HOUSTON (AP) — Two spacewalking astronauts with caulking guns, putty knives and foam brushes practiced fixing deliberately damaged shuttle heat shields yesterday as NASA extended what could be its last trip to the space station for a long while.
With future shuttle flights grounded because of Discovery’s fuel-tank foam insulation loss during liftoff, mission managers decided to keep the crew at the International Space Station an extra day to help with station maintenance.
It could well be next year before the foam problem is fixed and a shuttle returns to the space station.
In a pair of tests designed in the wake of the 2003 Columbia tragedy, astronauts Soichi Noguchi and Stephen Robinson worked on custom-made samples of thermal tile and panels that were cracked and gouged before flight. They squeezed and dabbed dark goo into the crevices as they sped around the Earth.
The astronauts reported some bubbling in the two repair materials — a paintlike substance for the thermal tiles that cover most of a shuttle, and a thick paste for the reinforced carbon panels that line the wings and nose cap. The paste swelled up in the cracks like rising dough and, as the experiment wore on, was harder to get to stick because of colder-than-desired temperatures outside.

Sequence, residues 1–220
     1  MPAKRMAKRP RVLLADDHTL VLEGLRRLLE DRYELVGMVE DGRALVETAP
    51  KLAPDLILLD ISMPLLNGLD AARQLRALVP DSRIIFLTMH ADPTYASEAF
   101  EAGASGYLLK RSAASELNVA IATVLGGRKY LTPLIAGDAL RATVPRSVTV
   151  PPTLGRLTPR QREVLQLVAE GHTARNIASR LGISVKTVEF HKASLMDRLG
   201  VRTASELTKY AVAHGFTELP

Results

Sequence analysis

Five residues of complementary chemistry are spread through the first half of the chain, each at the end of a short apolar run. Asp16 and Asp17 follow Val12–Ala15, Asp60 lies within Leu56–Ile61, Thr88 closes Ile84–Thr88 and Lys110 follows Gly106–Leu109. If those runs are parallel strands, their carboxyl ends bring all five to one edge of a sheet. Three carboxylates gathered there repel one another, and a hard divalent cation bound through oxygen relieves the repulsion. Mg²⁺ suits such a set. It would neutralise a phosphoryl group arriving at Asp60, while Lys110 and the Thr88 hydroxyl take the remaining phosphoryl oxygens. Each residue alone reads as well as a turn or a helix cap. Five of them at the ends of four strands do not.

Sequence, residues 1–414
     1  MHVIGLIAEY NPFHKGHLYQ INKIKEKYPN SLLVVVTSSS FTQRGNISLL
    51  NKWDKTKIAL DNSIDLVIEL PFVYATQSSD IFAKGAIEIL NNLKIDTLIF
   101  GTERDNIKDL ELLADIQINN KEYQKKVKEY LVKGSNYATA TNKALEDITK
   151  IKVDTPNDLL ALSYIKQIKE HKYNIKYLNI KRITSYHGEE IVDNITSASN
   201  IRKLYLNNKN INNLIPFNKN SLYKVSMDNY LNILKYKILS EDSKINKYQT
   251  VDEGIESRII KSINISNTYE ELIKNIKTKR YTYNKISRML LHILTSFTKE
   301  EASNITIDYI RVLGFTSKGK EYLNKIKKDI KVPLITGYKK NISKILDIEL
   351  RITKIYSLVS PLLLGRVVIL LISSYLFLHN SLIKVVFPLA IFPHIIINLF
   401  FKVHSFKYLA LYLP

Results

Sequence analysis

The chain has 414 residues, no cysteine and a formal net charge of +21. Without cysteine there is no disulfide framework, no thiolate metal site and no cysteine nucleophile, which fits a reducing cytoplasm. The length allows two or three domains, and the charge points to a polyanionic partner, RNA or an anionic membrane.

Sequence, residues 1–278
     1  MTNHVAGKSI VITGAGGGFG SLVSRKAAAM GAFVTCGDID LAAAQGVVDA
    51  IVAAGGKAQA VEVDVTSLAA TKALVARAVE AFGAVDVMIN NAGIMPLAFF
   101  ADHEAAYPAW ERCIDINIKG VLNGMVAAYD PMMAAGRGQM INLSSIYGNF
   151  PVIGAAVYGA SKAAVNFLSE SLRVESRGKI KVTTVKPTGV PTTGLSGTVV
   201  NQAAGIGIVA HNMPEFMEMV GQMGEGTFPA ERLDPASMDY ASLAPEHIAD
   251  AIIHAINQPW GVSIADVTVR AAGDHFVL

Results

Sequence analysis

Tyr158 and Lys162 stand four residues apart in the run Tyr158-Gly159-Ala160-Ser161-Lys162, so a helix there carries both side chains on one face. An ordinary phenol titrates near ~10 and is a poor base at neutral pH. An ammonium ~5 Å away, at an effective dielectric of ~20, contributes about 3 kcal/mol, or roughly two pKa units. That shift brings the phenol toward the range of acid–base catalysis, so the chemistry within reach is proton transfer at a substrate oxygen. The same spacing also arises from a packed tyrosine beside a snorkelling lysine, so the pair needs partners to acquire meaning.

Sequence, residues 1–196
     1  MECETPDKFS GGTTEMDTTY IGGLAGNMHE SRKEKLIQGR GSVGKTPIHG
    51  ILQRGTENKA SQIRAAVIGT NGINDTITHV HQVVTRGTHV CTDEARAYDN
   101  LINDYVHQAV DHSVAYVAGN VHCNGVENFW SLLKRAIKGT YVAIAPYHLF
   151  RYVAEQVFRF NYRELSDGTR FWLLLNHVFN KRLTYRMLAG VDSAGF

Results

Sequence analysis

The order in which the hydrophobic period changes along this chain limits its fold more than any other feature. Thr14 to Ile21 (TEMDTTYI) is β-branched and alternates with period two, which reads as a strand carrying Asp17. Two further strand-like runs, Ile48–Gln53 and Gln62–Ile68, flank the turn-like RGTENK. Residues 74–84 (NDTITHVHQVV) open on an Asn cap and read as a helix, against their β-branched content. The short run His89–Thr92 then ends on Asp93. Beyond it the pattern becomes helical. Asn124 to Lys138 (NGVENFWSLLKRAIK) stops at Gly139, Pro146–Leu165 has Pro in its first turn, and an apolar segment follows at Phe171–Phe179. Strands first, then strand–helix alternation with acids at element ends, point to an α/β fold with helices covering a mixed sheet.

It was all valuable feedback. Engineers wanted to see how their creations fared in the weightlessness of space for possible future use in an emergency. Neither the bubbling nor swelling was surprising, said Cindy Begley, the lead spacewalk officer.
Columbia’s astronauts had no such tools or techniques at their disposal, and neither they nor flight controllers knew Columbia had a gaping hole in its left wing, left there by a 1.67-pound chunk of fuel-tank foam insulation that broke loose at launch.
A piece of foam just over half that size came off Discovery’s external fuel tank during last week’s liftoff. It missed Discovery, but was enough to ground all future shuttle flights. A smaller foam fragment may have struck the right wing, but lasers and other sensors found no evidence of damage.
The astronauts will test a third repair technique, essentially a plug, inside Discovery later this week.
Once the repaired samples are back on Earth, engineers will analyze them to see how deep and how well the filler material penetrated.
In the first of three spacewalks planned for this mission, Mr. Noguchi and Mr. Robinson also made some long-overdue space station repairs. They restored power to a gyroscope that stopped working four months ago and replaced a broken Global Positioning System antenna.
“Great job. Everything was just perfect. Extra stuff got done,” Mission Control radioed as the seven-hour spacewalk came to a close. “You guys get some rest.”
Today , NASA expects to wrap up all its analysis of Discovery’s thermal shielding and give the final safety clearance for the shuttle’s descent in another week.